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Biochem J. Jul 15, 1997; 325(Pt 2): 481–486.
PMCID: PMC1218585

Subunit diversity and tissue distribution of human glutathione S-transferases: interpretations based on electrospray ionization-MS and peptide sequence-specific antisera.

Abstract

Uncertainties about the composition and identities of glutathione S-transferases (GSTs) in human tissue have impeded studies on their biological functions. A rigorous protocol has therefore been developed to characterize the human proteins. Cytosolic GST subunits were resolved by reverse-phase HPLC methods, individual components were assigned to Alpha, Mu and Pi classes on the basis of their immunoreactivities, and peptide-sequence-specific antisera were used to distinguish among five different Mu-class subunits (GSTM1-GSTM5). Each subunit type was characterized and identified unambiguously by electrospray ionization-MS. Acetylation of N-terminal residues in the GSTA1, GSTA2, GSTM3 and GSTM4 subunits were the only natural post-translational modifications detected. The unique structure of GSTM3, with N- and C-terminal peptide extensions predicted from cDNA sequences, was confirmed. Only testis and brain were rich sources of GSTM3 subunits. Subunit profiles were distinct and characteristic of the particular tissue type, and this tissue specificity in GST expression was evident even in organs from different individuals. For instance, livers had relatively simple GST compositions, consisting of a preponderance of Alpha-class subunits and GSTM1 (when present). By contrast, representation of most subunit types was a characteristic feature of testis, which had the highest levels of GSTs. GSTM4 and GSTM5 subunits, here identified for the first time in human tissue extracts, were minor components, with GSTM5 found only in brain, lung and testis. Specimens devoid of GSTM1 subunits, particularly those from null-genotype individuals, were readily discerned at the protein level. Liver was the only rich source of the GSTM1 subunit (although it also constituted a major fraction of adrenal GSTs), and so the functional consequences of the GSTM1 gene deletion are likely to vary in extrahepatic tissues.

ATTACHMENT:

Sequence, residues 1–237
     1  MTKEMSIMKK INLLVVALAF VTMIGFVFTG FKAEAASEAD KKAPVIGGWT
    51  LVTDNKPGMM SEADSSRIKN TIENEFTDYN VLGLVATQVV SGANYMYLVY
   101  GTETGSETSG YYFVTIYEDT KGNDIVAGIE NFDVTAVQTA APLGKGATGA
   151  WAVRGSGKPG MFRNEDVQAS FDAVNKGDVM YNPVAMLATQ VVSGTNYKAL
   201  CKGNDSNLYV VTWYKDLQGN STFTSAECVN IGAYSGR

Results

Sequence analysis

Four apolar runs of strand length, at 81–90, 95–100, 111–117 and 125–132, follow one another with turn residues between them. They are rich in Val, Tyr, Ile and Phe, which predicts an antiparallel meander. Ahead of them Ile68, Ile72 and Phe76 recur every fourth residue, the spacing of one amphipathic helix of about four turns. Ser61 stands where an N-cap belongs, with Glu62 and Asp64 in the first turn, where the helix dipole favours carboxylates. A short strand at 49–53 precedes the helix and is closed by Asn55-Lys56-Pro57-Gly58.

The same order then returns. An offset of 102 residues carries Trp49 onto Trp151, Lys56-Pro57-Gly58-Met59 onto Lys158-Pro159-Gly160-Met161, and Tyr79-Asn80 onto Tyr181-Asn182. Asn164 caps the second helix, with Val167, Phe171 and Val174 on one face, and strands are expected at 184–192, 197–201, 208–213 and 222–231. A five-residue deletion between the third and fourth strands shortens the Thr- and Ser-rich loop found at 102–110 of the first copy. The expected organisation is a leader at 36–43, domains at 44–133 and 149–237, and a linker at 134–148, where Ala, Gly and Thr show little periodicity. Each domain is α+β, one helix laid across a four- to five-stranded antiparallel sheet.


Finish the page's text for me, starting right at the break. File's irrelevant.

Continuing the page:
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Selected References

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